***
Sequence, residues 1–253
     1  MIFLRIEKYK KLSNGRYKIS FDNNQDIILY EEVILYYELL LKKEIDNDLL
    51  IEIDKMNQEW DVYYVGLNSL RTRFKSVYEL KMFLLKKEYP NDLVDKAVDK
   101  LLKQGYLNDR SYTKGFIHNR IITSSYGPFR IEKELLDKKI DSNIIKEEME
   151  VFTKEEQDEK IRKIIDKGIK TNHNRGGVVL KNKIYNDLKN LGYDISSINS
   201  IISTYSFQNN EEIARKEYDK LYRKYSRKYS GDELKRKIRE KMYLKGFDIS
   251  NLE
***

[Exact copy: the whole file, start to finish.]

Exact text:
Sequence, residues 1–253
     1  MIFLRIEKYK KLSNGRYKIS FDNNQDIILY EEVILYYELL LKKEIDNDLL
    51  IEIDKMNQEW DVYYVGLNSL RTRFKSVYEL KMFLLKKEYP NDLVDKAVDK
   101  LLKQGYLNDR SYTKGFIHNR IITSSYGPFR IEKELLDKKI DSNIIKEEME
   151  VFTKEEQDEK IRKIIDKGIK TNHNRGGVVL KNKIYNDLKN LGYDISSINS
   201  IISTYSFQNN EEIARKEYDK LYRKYSRKYS GDELKRKIRE KMYLKGFDIS
   251  NLE